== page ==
I was thinking about donating blood because mine is O- and kind of rare. Are we able to do that being on Gleevec?
Posted 22 June 2011 - 04:25 PM
Unfortunately we cannot donate blood or organs due to the risk to the recipient. I was sad when I realized that I could not do so anymore.
Posted 22 June 2011 - 04:37 PM
Well that stinks. I was too was wanting to donate my organs guess that's out of the picture. Thank you for the info BethG.
Posted 22 June 2011 - 04:59 PM
I believe the one thing you can still donate after death is your corneas as these are just about the only transplantable organ that doesn't have any blood in.
Posted 22 June 2011 - 05:24 PM
I had an uncomfortable conversation the other day with a co-worker. They were having a blood drive at my job, which I had participated in before I was diagnosed. She had just given blood and was telling me how I should donate. She doesn't know about my situation. Another co-worker was there, who is one of the few people at work who do know. The first one kept at it about how I should go down and donate. I said I didn't think I would. She proceeded to tell me how important it is an how people can die without blood transfusions sometimes. I had to do everything I could to bite my tongue and not respond. It wasn't her fault she doesn't know, but still when I said I wasn't going to, by the second or third time she should have left it alone. How much I wanted to jump up and say "I know how important blood transfusions are, you see I have leukemia and my treatment can cause my counts to dip so low that I might need one to save my life. I also have a lot of friends in that situation who I would like to help if I could. So yeah I would donate, except I am prohibited from doing so". But what good would that have done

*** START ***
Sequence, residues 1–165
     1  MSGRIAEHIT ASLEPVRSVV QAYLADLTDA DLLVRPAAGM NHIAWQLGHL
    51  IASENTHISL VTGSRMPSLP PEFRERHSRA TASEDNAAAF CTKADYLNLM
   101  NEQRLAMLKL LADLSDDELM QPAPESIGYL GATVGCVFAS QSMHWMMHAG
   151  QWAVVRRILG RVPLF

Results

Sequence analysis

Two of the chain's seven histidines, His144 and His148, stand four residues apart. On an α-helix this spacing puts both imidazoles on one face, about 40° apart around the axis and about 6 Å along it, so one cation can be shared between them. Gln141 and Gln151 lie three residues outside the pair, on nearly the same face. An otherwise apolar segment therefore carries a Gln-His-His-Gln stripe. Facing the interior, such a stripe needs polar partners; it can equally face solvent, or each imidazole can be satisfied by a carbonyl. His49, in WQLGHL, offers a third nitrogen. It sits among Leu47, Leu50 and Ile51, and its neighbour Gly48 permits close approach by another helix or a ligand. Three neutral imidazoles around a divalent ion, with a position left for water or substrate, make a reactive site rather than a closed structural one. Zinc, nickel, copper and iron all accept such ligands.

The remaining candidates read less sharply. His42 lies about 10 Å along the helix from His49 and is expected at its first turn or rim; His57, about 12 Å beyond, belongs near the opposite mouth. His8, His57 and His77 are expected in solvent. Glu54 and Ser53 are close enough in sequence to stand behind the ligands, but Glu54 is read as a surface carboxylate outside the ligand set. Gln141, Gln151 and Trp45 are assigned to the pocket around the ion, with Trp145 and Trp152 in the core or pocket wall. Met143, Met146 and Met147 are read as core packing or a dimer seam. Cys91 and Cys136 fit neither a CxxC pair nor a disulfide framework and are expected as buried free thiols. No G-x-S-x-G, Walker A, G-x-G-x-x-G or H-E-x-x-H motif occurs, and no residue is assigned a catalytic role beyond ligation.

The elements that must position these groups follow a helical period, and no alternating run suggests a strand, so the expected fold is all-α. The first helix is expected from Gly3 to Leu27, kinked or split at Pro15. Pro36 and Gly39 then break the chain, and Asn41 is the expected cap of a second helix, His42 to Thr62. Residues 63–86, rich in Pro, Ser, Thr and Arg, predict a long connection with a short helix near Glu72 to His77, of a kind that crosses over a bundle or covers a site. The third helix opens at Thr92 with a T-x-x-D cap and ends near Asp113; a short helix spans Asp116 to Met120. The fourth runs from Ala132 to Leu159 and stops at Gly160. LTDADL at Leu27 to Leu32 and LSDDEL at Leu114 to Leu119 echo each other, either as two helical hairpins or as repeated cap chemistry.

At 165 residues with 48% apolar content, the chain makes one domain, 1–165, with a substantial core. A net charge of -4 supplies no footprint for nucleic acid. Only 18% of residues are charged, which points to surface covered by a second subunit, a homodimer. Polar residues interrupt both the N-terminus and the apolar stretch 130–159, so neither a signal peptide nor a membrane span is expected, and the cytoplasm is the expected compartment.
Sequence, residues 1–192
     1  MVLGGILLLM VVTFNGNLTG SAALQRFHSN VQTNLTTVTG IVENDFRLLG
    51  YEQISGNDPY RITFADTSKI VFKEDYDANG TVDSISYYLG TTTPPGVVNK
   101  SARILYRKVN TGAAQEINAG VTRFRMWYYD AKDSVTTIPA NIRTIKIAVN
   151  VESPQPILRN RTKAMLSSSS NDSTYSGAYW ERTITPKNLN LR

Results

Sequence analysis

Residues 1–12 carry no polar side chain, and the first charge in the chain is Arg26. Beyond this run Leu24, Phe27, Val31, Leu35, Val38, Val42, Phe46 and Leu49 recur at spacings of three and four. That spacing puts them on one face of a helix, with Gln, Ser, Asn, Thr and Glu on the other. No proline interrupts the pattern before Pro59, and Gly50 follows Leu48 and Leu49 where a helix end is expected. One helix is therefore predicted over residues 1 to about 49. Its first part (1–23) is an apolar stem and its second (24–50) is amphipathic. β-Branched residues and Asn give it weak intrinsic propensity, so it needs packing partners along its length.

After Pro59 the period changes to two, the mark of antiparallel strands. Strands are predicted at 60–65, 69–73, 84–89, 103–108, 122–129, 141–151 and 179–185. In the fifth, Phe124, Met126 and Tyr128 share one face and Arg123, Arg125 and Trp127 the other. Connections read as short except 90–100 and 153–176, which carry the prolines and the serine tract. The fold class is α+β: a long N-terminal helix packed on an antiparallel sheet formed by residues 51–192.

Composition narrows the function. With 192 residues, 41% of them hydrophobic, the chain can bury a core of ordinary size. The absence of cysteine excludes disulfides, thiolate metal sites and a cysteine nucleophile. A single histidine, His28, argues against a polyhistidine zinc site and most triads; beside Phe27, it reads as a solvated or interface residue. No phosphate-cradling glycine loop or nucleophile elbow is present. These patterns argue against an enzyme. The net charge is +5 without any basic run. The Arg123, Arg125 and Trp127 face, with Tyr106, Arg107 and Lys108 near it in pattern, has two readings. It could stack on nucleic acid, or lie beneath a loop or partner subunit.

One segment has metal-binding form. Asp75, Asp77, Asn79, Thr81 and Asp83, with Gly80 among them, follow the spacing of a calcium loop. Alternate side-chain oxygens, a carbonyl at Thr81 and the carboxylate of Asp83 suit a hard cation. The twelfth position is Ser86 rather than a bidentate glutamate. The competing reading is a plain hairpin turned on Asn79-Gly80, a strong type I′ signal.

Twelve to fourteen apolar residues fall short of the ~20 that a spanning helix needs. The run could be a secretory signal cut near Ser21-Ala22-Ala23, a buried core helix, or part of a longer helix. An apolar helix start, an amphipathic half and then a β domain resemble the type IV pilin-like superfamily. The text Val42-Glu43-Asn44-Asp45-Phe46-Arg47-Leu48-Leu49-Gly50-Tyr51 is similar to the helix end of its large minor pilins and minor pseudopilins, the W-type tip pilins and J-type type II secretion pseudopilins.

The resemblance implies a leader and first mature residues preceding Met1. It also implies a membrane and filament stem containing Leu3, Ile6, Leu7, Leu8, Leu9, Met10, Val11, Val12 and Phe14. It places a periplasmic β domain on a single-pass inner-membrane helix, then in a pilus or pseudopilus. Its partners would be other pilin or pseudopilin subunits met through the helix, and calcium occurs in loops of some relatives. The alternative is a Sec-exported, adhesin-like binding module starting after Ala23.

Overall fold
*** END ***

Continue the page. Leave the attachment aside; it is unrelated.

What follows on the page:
Posted 22 June 2011 - 08:44 PM
While your organs and blood cannot be donated for transfer purposes, you can still donate them to scientifc research. You can put that in your Will and should discuss it with whomever is going to be making end of life decisions for you in the event that you are incapacitated.